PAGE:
Let’s take a look at more parameter testing. Meet Reflected HTTP Parameter Pollution. HPP is an injection weakness vulnerability that occurs when an attacker can inject a delimiter and change the parameters or a value in a URL. Often HPP vulnerabilities are used to cause the original parameter value (from a name-value pair) to be cancelled out and a different value to be injected (e.g. changing a ‘SAVE’ function to a ‘DELETE’ function). Check it out!


In this example, we are injecting a delimiter into the switchMenuID parameter:

GET /landingpage.php?switchMenuId=1%26rhppvar%3DRHPP1234 HTTP/1.1
Referer: httphacker.com/landingpage.php
Accept: /
Pragma: no-cache
User-Agent: Mozilla/5.0 Gecko/20110614 Firefox/3.6.18
Connection: Keep-Alive
Cookie: JSESSIONID=0CA009C2


The injection occurs and now poses as a threat to anyone who executes the Menu Item links:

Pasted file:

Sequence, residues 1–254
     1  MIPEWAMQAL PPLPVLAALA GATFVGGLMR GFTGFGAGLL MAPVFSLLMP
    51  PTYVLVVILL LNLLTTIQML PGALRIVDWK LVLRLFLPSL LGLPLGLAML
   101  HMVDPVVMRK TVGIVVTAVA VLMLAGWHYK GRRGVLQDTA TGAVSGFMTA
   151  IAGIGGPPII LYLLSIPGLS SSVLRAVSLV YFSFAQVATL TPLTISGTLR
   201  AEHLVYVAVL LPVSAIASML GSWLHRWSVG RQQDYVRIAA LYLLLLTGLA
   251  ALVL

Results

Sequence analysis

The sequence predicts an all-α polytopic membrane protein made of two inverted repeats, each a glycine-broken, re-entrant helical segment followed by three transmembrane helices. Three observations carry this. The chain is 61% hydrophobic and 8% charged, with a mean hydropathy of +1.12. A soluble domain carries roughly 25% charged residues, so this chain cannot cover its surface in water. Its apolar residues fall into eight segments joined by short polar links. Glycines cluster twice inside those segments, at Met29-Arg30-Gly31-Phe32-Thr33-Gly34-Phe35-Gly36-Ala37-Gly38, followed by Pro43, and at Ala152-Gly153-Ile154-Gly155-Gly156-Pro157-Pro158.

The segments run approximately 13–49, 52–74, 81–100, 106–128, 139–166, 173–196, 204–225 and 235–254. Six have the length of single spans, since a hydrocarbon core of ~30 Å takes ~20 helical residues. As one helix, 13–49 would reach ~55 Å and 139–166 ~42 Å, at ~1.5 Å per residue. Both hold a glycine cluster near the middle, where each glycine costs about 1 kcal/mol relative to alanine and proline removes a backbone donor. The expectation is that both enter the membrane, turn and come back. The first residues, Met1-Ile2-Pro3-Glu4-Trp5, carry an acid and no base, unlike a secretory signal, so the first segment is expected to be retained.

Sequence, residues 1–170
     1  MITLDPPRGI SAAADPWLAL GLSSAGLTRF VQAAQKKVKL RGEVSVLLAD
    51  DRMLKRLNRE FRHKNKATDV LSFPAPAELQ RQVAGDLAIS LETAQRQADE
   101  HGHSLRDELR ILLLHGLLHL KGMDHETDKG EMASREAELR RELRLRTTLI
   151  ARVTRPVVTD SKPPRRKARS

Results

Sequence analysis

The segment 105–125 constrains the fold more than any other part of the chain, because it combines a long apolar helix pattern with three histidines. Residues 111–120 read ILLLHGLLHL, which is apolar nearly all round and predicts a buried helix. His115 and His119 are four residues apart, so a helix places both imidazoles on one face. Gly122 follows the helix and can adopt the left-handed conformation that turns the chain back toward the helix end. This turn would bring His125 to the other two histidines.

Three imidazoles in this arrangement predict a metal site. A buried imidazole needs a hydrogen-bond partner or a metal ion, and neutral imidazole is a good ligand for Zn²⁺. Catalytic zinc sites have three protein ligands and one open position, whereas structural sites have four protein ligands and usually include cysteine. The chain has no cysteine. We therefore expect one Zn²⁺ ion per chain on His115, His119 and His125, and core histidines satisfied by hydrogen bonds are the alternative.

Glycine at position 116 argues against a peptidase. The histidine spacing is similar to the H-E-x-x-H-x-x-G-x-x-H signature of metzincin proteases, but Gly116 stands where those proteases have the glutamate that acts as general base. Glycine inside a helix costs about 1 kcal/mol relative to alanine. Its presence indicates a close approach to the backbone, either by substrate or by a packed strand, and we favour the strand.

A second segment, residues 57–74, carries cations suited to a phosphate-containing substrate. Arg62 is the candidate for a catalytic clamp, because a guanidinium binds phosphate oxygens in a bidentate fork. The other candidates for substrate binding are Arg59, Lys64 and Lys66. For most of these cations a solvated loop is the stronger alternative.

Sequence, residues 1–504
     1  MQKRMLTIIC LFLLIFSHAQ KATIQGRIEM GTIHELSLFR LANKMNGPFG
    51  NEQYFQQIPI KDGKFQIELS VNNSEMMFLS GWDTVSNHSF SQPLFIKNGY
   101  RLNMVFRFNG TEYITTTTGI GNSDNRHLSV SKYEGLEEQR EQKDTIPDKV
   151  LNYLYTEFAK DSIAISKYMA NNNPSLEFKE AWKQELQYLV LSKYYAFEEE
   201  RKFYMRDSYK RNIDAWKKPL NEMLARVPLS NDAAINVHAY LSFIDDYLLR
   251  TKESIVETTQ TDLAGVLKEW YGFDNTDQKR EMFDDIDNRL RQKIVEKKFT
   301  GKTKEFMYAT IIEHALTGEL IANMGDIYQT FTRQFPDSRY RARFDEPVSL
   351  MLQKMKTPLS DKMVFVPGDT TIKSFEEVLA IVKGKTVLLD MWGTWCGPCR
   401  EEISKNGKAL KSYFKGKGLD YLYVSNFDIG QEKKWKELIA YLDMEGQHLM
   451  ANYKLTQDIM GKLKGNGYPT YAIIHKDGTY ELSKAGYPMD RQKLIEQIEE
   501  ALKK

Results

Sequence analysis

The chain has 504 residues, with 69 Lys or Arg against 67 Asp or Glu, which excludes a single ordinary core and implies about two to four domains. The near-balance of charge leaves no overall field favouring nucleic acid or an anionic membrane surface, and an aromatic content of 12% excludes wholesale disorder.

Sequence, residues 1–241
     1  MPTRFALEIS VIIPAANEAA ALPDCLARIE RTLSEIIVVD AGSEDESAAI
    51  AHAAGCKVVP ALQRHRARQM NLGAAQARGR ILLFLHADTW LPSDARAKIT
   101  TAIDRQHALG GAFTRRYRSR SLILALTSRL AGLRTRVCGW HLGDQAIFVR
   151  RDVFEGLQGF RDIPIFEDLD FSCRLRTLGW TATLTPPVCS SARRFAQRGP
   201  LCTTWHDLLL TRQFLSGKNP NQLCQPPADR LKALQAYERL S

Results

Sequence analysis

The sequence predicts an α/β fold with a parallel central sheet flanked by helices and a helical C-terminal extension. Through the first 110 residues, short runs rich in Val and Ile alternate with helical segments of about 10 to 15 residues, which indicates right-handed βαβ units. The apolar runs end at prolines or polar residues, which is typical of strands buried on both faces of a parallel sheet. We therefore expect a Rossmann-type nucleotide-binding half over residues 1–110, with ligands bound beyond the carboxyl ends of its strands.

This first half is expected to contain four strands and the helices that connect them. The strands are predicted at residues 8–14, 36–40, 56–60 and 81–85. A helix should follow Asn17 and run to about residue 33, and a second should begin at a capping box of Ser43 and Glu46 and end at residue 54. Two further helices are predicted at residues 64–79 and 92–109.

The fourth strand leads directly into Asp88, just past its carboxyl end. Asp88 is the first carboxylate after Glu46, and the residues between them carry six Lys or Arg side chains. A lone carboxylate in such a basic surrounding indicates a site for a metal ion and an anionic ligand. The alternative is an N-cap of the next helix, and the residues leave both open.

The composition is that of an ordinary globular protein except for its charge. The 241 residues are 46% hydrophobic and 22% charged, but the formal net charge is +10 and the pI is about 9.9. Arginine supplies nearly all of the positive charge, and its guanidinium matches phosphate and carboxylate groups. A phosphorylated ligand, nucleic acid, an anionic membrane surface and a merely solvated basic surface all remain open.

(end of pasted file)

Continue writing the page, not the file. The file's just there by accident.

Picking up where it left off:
HTTP/1.1 200 OK
Content-Type: text/html
Server: Microsoft-IIS/7.5
X-Powered-By: ASP.NET
Date: Tue, 4 Mar 2014 17:22:30 GMT
Content-Length: 87314

a href=”?tabId=1&switchMenuId=1&rhppvar=RHPP1234“>Menu Item 1
a href=”?tabId=2&switchMenuId=1&rhppvar=RHPP1234“>Menu Item 2
a href=”?tabId=3&switchMenuId=1&rhppvar=RHPP1234“>Menu Item 3
a href=”?tabId=4&switchMenuId=1&rhppvar=RHPP1234“>Menu Item 4
a href=”?tabId=5&switchMenuId=1&rhppvar=RHPP1234“>Menu Item 5


To mitigate this specific vulnerability, you need to utilize strict input validation to ensure that the encoded parameter delimiter (%26 in this example) is handled by the server properly. Always use proper URL encoding including user-supplied content within the links or other forms of output. To look at HPP vulnerabilities a bit further, my next couple of blogs will focus on Client-side HTML Parameter Pollution and CSRF Attacks via HPP. Protect those params!